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She just switched from NPH to Lantus.

Discussion in 'Parents of Children with Type 1' started by kittycatgirl, Jun 26, 2006.

  1. kittycatgirl

    kittycatgirl Approved members

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    I haven't posted in a while but I thought this might help those who are trying to decide if they want to switch from NPH to Lantus. It has only been about 5 days into it but so far we both love it. We are not living by the clock anymore....we are not making her eat when she doesn't want to.... she has freedom to make food choices at each meal (small meal, medium meal or large meal) She is 12 so she can sleep late if she wants to.... and she hasn't gone low since she was put on it. I am not sure which one of those I like the best but it is probably the freedom it gives her to eat when she wants.

    The only down fall is that she will need to get a shot every time she eats. She says mom I want a snack... so she needs a very small shot.... but I know she is hungry because she knows to eat requires a shot. So we are no longer feeding the insulin but rather feeding her when she is hungry. We went to an amusement park for her friends B-day (Lots of walking/running) she didn't go low at all. If we were on NPH I would have had to have given her a lot of extra food to compensate for the exercise with a lot of BS tests.

    So far so good,:)
    Dee
     
  2. Beach bum

    Beach bum Approved members

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    Yes, Lantus was great for us too. Our educator called it pumping without the pump, because the Lantus/Novolog combo mimicked what would be happening once we went on the pump. Being only 4 when she was on the combo it was great because she had days where she barely ate, and we only had to feed her, and as you said, not the insulin.

    Good luck!
     
  3. Brensdad

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    Yes, NPH is prett much a nightmare, and I don't know why some endos still insist on using it. My neighbor who is also T1 and I agreed that some of the worst lows we ever had was while we were on NPH. You just can't plan for the second peak associated with NPH, especially when you are dealing with a little one who may or may not decide to eat when the NPH says it's time.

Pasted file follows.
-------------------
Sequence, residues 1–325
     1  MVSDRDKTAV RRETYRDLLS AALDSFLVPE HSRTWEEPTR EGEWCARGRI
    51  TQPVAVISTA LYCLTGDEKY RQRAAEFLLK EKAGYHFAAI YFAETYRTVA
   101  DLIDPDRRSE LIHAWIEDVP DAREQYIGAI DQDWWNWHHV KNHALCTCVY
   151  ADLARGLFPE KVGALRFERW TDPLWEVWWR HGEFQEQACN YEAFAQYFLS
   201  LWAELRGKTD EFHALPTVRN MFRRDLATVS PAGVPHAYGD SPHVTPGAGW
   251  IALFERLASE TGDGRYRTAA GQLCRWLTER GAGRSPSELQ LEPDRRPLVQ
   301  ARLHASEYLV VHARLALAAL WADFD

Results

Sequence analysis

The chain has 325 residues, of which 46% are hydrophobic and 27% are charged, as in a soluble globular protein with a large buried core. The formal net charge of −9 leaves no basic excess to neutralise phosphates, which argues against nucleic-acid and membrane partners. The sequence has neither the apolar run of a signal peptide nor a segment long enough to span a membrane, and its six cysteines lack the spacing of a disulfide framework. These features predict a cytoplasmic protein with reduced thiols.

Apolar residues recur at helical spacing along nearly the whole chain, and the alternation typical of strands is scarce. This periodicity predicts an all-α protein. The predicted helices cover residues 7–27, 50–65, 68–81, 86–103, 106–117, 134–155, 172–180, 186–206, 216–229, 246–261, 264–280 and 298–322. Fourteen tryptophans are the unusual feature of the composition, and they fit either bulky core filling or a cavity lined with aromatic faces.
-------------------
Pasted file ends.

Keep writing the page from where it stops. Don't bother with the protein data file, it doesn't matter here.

4. allisa

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    thanks for the post....we, too are switching from NPH to Lantus in preperation for the pump....haven't made the switch yet.....EVERYONE seems to love it....so why do endos still start with NPH ??
     
  5. Beach bum

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    I often wonder if docs still use NPH because 1. it's been around for so long and 2. Lantus has not been approved for use in young kids (no long term studies have been completed yet in kids on Lantus).
     
  6. selketine

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    We started out on NPH because William didn't need ANY insulin at all overnight. The effect of NPH had worn off mostly by night - he got his shot in the morning.

    As his honeymoon ended his numbers started creeping up overnight and we were finally able to go on lantus.

    As far as I know there isn't an insulin out like lantus that only lasts 12 hours. If your child started out diabetes needing 24 hours of background insulin though then I say go right to the lantus.
     
  7. rsmom

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    We just switched DS to Levemir (works almost exactly like Lantus) - he's 3, and the change is amazing!! It's been almost 2 weeks, and we've noticed so many changes. Among them:

    DS is actually hungry now, and is eating full meals - this is huge, as before it was a fight for every mouthful as he was constantly having us push food.

    No lows - and no big highs either! The steadier BS's, as opposed to a swing from high to low, have meant that his behaviour has been SO much better - no crazy mood swings.

    The flexibility is big for us, too - we've been able to decide at the last minute to throw a picnic in the car and head to the airport to watch planes land....even though it meant dinner wouldn't be until after 6pm (before, it always HAD to be by 5 in order to leave time for the bedtime snack). The nights he doesn't want to eat before bed, he just doesn't :)